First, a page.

The news channels covered the recent news from the Football Association that they were going to tackle angry and abusive parents on the touchline. This has long been in my consciousness, not because my children play football, because my friends whose children do play football continuously tell me of the issues they observe at matches.
Recent incidents they have observed are as follows –
- Angry parents abusing officials
- Angry players (children) abusing officials
- Coaches squaring up to each other in the car park.
These, according to my sources are fairly regular incidents and we live in a pleasant enough area with relatively wealthy parents and well behaved children. I say that not to boast more to let you now this behaviour I not down to demographics (or maybe it is, just the wealthy one).So what is it about a football match that stirs normally well behaved citizens and their children into stereotypical tribal savages by proxy?
Football has always been tribal and has always been used as a “civilised” way of settling differences. These days, unfortunately, it has become more about the tribe than about the friendly settling of differences. It is worth acknowledging that almost every sport has this potential but its football that draws the issues.
Parents living their dreams through their children is a common enough occurrence. Of course this is ok if their dreams get realised. If you are going to do this you have to be prepared to deal with the downs as well as the ups. Those parents that may push their children into sport for his purpose may carry a certain level of guilt about it and thus their reactions when their child gets challenged or fails may be stronger as their guilt is reflected back at them.
The role modelling that goes on in football is a problem at all levels. Whether it is overpaid players challenging referees decisions and crowding round the referee to intimidate them, or parents shouting on the touchline the role modelling is everywhere. It goes all the way through the whole structure of football. In anger management role modelling plays a huge part. That said, we all have a choice about how we behave.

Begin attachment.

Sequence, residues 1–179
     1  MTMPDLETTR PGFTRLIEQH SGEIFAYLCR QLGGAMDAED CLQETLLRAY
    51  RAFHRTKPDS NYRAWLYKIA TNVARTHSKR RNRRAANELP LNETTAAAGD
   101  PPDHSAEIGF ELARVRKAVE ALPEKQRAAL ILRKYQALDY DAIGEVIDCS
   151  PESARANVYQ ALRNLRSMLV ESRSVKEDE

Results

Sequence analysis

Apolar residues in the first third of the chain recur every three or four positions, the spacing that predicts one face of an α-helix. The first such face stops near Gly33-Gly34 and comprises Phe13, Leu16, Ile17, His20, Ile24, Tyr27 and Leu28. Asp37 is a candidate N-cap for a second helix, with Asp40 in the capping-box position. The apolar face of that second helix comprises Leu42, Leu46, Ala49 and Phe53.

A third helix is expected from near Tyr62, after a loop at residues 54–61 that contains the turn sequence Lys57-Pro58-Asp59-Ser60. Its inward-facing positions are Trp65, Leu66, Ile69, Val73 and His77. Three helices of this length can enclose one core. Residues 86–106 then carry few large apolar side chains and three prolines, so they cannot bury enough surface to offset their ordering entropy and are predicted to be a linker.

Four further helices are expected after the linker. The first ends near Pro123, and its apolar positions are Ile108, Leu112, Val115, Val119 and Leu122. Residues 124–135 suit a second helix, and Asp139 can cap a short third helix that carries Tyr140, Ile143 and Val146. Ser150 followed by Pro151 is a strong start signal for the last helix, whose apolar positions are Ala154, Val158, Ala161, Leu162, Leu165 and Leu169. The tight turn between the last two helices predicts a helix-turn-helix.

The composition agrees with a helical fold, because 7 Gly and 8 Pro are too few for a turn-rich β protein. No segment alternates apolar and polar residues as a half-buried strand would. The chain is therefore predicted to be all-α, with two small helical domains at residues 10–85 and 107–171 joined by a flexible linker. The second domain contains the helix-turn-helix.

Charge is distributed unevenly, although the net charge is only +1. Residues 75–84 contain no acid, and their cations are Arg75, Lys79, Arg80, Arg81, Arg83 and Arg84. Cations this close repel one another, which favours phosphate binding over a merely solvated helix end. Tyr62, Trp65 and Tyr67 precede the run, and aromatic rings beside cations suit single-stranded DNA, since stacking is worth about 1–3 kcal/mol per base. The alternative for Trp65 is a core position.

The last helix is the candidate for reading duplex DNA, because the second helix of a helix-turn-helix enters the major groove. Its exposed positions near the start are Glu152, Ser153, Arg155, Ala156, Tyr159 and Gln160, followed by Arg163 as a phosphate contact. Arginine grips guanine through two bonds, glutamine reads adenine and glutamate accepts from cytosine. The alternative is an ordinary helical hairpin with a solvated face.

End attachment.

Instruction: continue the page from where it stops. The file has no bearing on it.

The boundaries in football are not clear enough. Respect for the referee is not there and respect for the official’s decisions is absent. Parents have learnt that they may be able to influence a decision by shouting and being aggressive. In any other environment this is bullying but in football they think it is called banter.
A friend of mine whose son plays hockey tells a story that illustrates the difference between the two sports. Watching a match he saw a young player get angry with a referee’s decision and talk back to the referee. After issuing a warning the referee moved closer to the sideline and had a quiet word with that teams coach and suggested that his player may need some rest on the sideline. The coach agreed and took immediate action. In that sport there is respect for and adherence to the boundaries from top to bottom. Football could learn from this.
Anger everywhere has the same common influences
So why do we get angry parents on the touch lines? It’s for many of the same reasons I get angry adults in my workshops who need my help. They have had poor role modelling in their lives, they are not good with boundaries and their partner is not good at holding the boundaries. Their expectations are too high and they have learnt that they may get their way if they act out.
The thing is, unlike the referee they abuse on the touchline once a week who may shrug it off and move on, the family members and staff members they abuse every day will one day take action and that’s normally when it is too late to repair the damage.